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Union wants better wages for nurses at one of busiest Maritime hospitals


Emergency room nurses at one of the busiest hospitals in the Maritimes are asking their employer to recognize their training and pay them accordingly.

"Our nurses are working 12 to 16 hour days. We have nurses that have 25 years' experience. Very difficult to get time off," said Hugh Gillis, the first president of the Nova Scotia Government Employees Union (NSGEU).

The NSGEU is now going public with its plea to improve working conditions for nurses at the Halifax Infirmary's emergency department.

The union says it's also about pay and retention. Gillis points to salary comparisons for nurses working with Nova Scotia Health and travel nurses who work for private agencies that then get hired by the province.

“When we have nurses for Nova Scotia Health being paid half of what private nurses are making in the province, we simply can’t compete," he said.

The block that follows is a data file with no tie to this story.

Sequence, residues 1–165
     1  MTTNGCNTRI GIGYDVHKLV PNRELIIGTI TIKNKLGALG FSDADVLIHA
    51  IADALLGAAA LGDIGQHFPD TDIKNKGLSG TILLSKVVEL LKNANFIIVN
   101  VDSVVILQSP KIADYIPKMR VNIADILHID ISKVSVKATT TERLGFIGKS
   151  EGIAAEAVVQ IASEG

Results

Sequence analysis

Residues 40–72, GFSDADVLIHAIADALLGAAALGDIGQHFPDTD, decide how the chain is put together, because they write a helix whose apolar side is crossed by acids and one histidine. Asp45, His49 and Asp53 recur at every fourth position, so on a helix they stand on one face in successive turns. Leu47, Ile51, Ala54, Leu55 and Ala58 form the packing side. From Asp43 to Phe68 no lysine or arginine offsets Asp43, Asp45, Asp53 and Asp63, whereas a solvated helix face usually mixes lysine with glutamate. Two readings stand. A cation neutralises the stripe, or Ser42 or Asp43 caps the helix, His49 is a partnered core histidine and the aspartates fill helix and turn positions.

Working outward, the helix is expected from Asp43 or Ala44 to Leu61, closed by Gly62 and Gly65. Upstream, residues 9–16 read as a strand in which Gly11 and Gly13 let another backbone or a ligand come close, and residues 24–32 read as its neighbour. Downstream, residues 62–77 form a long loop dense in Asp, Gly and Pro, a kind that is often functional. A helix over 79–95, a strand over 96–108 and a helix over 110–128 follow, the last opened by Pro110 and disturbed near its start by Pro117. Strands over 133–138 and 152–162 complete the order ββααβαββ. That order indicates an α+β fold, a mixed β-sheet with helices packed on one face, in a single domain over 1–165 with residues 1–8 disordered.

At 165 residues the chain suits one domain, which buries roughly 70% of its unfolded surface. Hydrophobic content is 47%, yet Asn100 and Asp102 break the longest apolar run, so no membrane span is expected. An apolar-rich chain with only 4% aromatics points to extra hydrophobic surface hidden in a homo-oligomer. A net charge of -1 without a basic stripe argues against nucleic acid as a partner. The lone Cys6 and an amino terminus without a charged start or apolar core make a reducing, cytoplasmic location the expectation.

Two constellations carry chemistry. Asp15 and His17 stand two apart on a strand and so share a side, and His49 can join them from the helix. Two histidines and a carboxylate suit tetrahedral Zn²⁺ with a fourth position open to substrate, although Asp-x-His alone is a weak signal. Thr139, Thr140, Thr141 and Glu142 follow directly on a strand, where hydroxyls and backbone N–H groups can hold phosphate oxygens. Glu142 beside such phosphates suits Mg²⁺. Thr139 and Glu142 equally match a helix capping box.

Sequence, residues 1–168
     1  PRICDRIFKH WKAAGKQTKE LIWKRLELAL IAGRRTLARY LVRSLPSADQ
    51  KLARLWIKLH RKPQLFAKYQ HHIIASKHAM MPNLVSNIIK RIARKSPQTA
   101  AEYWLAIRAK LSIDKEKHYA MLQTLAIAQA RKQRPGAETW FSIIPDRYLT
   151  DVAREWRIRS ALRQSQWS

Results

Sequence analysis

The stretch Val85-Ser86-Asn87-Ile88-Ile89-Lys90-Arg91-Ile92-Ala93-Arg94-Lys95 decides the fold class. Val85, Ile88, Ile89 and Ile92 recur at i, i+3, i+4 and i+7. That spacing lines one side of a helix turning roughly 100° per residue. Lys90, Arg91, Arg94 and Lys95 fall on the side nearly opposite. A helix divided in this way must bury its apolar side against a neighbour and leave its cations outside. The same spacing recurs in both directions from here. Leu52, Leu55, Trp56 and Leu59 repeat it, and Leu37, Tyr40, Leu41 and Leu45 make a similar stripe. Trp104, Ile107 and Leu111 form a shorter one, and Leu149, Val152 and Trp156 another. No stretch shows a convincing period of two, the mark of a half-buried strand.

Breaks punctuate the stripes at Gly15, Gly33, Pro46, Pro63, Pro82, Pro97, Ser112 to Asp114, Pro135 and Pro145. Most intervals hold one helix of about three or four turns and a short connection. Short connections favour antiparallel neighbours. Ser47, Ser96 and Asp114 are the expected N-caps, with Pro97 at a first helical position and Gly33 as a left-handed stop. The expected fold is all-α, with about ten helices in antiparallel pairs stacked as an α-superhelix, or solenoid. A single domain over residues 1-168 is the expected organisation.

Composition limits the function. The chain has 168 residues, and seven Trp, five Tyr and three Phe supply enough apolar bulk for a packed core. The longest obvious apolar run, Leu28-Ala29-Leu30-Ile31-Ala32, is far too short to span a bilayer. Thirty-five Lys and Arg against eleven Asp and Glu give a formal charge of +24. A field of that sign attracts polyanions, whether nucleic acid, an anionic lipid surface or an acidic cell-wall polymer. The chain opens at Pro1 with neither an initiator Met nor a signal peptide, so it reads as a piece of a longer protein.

Gillis says this leads to nurses leaving for other jurisdictions and burnout. The NSGEU wants the province to level the playing field.

In a statement to CTV News, officials with the Department of Health and Wellness say they are trying.

“We know nurses and other health-care workers are tired and need support. While we continue to work to train and recruit more nurses, we know retention measures will also be needed. We continue to work on this, both through nursing negotiations and as part of the budget process,” read the statement.

Nurse practitioner Tammy O'Rourke says the NSGEU is "right on target."

She says she works with many young nurses entering the profession.

“They do want a work/life balance, they want security and you know, they want respect. They want to be treated for the education that they’ve obtained, a four year undergraduate degree,” O’Rourke says.

An education that they say right now in Nova Scotia is not paying off. Top Stories

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